The Magic of Listening

magic of listening

In the early 1970s I took my first counseling class. This class emphasized the power of listening. They taught that being listened to, clearly heard and understood could help people grow. And grow mightily.

Around that time I took one of my famous stupid jobs. It was stupid because I worked in a halfway house alone at night. No other staff was present. One resident became infuriated at another resident. Her stated intent was to kill her. And she was fast walking toward the other woman.

My only tool was listening. No walky-talky, no backup, none. Remember, it was the 1970s and there were no cell phones or instant communication at all.

So I listened as I walked behind her, slowly repeating a paraphrased version of what she was ranting. I did this repeatedly while panicking.

Suddenly, she stopped. Her body language changed. The tone of her voice softened. And she dropped her weapon.

That’s the magic of listening.

Listening is critical in any relationship. If you want your relationships to work, it’s important to learn to listen to others. It’s crucial in your workplace, friendships, love and intimate partnerships and in your parenting.

Listening is more complex today because we need to communicate via a variety of forms. Telephone, videoconferencing, text, and probably something new invented tomorrow.

No matter the format, we want to communicate effectively. This starts with careful listening to the other person. Instead of listening, perhaps we’ll call this attentioning. This allows for electronic communications.

Attentioning is more than hearing sounds, words, and phrases. It’s an active process of paying attention to someone other than yourself.

Attentioning is active even when texting. You are actively trying to grasp and understand what the other person is attempting to communicate to you. Attentioning is a skill that involves paying attention to the other person with your whole self.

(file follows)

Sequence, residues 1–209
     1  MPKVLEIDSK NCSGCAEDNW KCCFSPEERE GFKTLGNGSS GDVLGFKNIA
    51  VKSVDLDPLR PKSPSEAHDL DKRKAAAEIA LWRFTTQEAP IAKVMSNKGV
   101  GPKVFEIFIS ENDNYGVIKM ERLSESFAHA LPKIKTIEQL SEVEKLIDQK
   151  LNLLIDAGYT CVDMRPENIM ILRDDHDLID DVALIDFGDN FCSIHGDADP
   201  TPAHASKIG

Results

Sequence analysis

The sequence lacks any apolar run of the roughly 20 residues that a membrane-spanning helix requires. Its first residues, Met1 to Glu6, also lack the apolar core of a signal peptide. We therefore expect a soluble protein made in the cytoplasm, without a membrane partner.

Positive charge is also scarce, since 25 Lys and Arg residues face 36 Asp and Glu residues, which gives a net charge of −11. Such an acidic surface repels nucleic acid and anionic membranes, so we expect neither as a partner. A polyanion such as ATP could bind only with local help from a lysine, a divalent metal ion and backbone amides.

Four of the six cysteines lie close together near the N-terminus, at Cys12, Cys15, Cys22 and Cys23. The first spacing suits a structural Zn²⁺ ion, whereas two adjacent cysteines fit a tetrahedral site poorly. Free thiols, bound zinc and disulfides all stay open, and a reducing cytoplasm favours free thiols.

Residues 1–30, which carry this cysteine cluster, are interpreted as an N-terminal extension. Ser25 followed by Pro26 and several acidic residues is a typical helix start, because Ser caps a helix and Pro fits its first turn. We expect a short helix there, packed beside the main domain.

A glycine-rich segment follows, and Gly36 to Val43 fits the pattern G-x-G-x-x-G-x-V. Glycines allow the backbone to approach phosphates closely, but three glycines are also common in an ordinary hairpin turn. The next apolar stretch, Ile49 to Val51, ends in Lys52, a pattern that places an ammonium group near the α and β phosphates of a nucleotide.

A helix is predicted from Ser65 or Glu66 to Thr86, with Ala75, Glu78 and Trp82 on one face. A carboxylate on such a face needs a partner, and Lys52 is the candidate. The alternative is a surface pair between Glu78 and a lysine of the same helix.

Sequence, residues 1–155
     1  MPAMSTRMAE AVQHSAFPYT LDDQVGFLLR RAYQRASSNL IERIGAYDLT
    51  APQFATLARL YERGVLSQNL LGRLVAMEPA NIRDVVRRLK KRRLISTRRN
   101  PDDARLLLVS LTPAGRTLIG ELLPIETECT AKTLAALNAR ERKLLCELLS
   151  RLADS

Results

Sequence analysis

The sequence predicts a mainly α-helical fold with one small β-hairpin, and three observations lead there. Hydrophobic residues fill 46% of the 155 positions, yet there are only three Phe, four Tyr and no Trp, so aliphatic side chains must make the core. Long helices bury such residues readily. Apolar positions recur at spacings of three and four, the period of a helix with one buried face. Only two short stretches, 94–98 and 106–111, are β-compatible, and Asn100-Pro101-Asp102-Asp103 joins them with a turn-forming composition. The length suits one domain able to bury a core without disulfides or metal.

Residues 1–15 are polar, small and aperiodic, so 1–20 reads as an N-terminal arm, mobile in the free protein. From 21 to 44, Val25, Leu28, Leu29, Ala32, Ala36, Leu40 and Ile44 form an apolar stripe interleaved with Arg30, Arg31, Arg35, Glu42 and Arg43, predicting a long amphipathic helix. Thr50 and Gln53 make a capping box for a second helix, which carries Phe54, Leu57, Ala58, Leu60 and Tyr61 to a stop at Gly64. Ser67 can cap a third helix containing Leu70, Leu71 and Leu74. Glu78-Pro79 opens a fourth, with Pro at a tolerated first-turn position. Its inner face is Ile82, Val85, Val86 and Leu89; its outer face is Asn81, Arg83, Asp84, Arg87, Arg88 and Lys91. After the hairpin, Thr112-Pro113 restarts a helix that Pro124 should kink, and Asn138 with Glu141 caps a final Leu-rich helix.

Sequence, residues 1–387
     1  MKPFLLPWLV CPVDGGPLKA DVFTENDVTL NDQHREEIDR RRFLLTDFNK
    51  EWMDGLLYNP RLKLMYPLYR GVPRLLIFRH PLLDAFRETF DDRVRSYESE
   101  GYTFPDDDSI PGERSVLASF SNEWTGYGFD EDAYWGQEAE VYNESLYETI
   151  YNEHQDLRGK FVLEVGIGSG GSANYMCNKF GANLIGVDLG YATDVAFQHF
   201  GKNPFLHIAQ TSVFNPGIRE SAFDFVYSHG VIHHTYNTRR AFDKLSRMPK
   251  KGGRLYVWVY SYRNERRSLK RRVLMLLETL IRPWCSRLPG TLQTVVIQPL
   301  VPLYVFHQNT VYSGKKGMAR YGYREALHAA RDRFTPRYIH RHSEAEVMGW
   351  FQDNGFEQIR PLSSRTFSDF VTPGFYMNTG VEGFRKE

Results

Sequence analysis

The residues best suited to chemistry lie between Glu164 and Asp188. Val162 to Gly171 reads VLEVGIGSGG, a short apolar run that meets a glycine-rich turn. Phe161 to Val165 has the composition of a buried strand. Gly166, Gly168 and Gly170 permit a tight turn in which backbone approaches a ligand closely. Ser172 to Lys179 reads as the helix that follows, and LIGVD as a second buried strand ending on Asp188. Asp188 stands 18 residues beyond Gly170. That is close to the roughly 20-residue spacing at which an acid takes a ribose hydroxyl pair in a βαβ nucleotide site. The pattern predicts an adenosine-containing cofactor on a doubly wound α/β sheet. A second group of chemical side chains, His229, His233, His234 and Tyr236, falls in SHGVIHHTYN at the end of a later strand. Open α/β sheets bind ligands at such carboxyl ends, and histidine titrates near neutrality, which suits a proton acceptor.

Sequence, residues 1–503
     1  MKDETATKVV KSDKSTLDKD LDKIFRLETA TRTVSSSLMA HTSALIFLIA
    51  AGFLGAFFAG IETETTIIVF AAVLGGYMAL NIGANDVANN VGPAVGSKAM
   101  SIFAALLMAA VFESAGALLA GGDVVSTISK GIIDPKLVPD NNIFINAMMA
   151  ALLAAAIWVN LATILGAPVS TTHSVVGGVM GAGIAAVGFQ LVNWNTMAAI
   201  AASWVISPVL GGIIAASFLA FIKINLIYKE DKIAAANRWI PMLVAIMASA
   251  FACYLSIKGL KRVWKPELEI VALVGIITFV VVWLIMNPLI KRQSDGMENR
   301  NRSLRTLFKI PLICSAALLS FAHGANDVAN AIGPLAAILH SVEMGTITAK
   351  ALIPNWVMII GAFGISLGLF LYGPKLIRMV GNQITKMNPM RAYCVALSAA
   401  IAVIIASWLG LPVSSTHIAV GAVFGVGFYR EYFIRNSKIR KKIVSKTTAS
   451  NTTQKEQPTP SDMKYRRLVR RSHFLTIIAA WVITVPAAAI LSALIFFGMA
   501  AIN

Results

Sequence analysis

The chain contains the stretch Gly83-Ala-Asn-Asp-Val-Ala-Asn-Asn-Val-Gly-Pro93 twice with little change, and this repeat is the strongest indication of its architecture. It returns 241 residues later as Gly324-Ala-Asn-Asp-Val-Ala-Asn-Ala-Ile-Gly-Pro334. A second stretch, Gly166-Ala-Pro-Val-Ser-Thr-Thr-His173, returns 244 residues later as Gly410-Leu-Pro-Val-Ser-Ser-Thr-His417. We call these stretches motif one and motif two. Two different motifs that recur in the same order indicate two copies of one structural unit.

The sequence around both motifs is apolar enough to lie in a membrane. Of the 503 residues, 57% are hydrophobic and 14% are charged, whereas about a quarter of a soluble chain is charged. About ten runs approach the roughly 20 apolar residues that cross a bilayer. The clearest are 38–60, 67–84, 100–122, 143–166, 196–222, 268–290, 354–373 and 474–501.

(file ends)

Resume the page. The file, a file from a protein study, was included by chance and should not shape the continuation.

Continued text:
Paying attention with your whole self requires you to:

✓    Care about the message in your heart (feelings)
✓    Listen with your eyes
✓    Listen with your ears
✓    Focus your brain on the speaker’s information
✓    Close your mouth
✓    Listen with your whole body.
✓    Wait until they finish to find out if you understand them.

   •    Care about the message in your heart (feelings)

Attentioning begins an attitude of willingness. A willingness to take in and comprehend the other person. You’ll need determination to become interested in and care about what the other person has to say.

Decide to understand the other person. And even to make a space in your thinking for the other person to be right.

Clear your mind of out-of-control emotions. Or put them on a shelf. When you are too angry, upset or emotional it’s sometimes better to postpone a conversation until later. Many conversations include feelings that can be a barrier to hearing the other person.

   •    Pay attention with your eyes

Listen with your eyes. Gestures, facial expressions, eye-movements, hand movements, breathing and body language can all be important. In electronic communication, it’s the spacing of words, and the pauses between communication. Even the types of words they use. Or all caps.

The scientific research on online lying reveals a great deal about it. You can tell a lot by the types of words they use. (See, “Online Dating: How to Know When Someone is Lying to You”.)